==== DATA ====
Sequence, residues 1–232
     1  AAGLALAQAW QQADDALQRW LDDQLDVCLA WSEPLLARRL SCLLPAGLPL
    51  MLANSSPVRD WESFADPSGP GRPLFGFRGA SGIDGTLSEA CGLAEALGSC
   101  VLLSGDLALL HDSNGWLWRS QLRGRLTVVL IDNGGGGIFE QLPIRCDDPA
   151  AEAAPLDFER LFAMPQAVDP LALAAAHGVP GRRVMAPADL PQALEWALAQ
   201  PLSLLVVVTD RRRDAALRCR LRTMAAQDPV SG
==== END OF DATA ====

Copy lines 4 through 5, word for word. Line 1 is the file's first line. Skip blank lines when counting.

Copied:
   101  VLLSGDLALL HDSNGWLWRS QLRGRLTVVL IDNGGGGIFE QLPIRCDDPA
   151  AEAAPLDFER LFAMPQAVDP LALAAAHGVP GRRVMAPADL PQALEWALAQ